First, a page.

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26-Dec-2019 21:54

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On Sundays in Hong Kong's Central District, in what decades ago was an elite and largely male territory, young, nubile, foreign women gather in the thousands on their day off, "taking over," as the locals say, Filipina domestic workers in Hong Kong are viewed as sexually threatening and thus in need of strict discipline.

In this article I present and analyze the discourse on the sexuality of Filipina domestic workers, arguing that their reputation is linked primarily to their ambiguous social and class identities, and to broad changes in the familial and economic landscape of Hong Kong.

In contrast to locals' images or memories of the Chinese "amahs" of the past, who are said to have "known their places" and to have posed no fundamental or moral challenge to existing patterns of authority (see Constable 1996; Gaw 1991 ; Ooi 1992), contemporary foreign domestic workers constitute a threat and are considered to be a symbol of a moral order turned inside out.

This inversion in the public spaces of Hong Kong on Sundays is locally regarded as scandalous, immoral, provocative, and threatening because, for the other six days of the week, the discourse on sexuality is negotiated in a far more covert arena.

This literature has emerged largely in response to Michel Foucault's Historyof Sexuality (1 990[1976]) in the form of applications, refinements, and critiques of his work (see Parker and Gagnon 1995; Stanton 1992).

Historians, literary critics, feminists, and scholars in the field of cultural studies are among those who have contributed most to this body of literature and, perhaps not surprisingly, the literature focuses almost exclusively on sexuality in western Europe and the United States.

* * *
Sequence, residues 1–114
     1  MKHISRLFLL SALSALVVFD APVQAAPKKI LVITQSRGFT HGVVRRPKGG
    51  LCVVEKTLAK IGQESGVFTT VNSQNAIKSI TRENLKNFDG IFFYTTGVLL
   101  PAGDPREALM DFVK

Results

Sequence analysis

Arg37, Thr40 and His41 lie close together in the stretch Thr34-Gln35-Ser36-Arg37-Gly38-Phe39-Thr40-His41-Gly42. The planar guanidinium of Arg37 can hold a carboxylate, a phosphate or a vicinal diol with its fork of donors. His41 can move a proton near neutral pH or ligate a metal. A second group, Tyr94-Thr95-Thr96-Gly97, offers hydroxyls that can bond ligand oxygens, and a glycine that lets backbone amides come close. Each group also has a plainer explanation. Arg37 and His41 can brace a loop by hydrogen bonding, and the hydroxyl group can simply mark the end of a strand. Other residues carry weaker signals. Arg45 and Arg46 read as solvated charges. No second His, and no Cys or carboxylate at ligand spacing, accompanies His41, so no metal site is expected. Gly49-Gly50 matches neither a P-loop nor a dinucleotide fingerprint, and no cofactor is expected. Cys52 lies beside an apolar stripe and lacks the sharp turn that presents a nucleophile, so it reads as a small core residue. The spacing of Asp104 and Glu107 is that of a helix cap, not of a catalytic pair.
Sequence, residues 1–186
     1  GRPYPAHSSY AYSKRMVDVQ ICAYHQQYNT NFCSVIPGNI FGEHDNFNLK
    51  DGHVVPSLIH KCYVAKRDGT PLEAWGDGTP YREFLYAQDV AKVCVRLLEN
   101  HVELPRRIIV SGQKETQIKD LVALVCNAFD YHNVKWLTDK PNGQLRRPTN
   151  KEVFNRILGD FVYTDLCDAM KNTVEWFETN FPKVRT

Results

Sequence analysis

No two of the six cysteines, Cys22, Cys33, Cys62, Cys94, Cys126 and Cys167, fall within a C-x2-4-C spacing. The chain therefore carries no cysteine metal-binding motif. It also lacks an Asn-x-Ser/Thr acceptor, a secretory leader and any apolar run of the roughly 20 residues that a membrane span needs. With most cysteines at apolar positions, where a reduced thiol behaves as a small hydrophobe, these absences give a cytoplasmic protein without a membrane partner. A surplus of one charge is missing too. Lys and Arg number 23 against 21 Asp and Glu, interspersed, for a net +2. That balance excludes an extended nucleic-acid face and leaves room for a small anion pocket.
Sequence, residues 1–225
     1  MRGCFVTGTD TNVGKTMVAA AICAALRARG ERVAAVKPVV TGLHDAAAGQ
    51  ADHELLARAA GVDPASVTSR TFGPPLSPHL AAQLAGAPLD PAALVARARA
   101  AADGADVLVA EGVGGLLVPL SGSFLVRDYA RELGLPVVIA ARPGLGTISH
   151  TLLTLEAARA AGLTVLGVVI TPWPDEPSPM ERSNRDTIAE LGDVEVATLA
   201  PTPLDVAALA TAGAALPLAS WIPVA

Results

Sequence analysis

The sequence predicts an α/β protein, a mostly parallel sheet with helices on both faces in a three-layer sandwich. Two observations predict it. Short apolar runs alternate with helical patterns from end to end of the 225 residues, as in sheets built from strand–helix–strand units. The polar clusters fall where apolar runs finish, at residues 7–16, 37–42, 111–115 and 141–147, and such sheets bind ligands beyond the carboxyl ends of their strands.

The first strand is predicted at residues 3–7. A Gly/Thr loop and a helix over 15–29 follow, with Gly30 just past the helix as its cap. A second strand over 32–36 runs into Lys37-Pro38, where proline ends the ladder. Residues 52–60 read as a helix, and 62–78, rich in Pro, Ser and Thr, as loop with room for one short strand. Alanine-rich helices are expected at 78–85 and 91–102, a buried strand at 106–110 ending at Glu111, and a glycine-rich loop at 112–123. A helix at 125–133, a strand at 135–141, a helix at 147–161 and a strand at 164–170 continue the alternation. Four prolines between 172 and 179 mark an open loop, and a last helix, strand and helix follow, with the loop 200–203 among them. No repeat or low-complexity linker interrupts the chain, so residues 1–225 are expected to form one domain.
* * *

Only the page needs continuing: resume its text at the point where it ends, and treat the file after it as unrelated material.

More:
As scholars recognize, allegations of promiscuity among the working class in Victorian England say more about the middle and upper classes who made the accusations, and about the wider socioeconomic conditions of the industrial revolution, than about those who stood accused of immorality and debauchery (see Barret-Ducrocq 1991; Gallagher 1987; Gilman 1985; Laqueur 1992).

Similarly, the discourse on foreign domestic workers is inextricably linked, not to any actual disproportionate immorality on their part, but to broader social issues in modern, capitalist, international Hong Kong.' Over the past decade and a half, the literature on histories and discourses of sexuality has grown exponentially to include entire journals devoted to the subject.

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Currently over 90 percent of these workers are women; most are between the ages of 25 and 35; and at least three quarters of them are single.

I have chosen to examine distinct modes ofdress among Filipina domestic workers because in this forum there is invaluable opportunity to examine the interface between employers' discipline of workers, domestic workers' self-discipline, and their contestation or appropriation of particular sexual images.

As Barnes and Eicher contend, "social identity expressed in dress becomes not only an answerto whoone is, but also howone is, and concerns the definition of the self in relation to a moral and religious value system" (1992:2; see also Broch-Due et al. As such, modes of dress allow us to see how Filipina domestic workers simultaneously resist and embrace the existing system of power as it is inscribed in the discourse of sex and encoded in sexuality (Abu-Lughod 19).

The Hong Kong government established special institutions and policies to control and regulate the rapidly growing number of foreign workers.

Today almost ten percent of Hong Kong households-some 600,000 individuals-benefit directly from the labor of domestic workers6 Most employers, constituting the fastest growing group, come from the middle class.

Clothing serves as one forum in which sexuality is expressed, discipline is enacted and resisted, and various forms of power are exercised.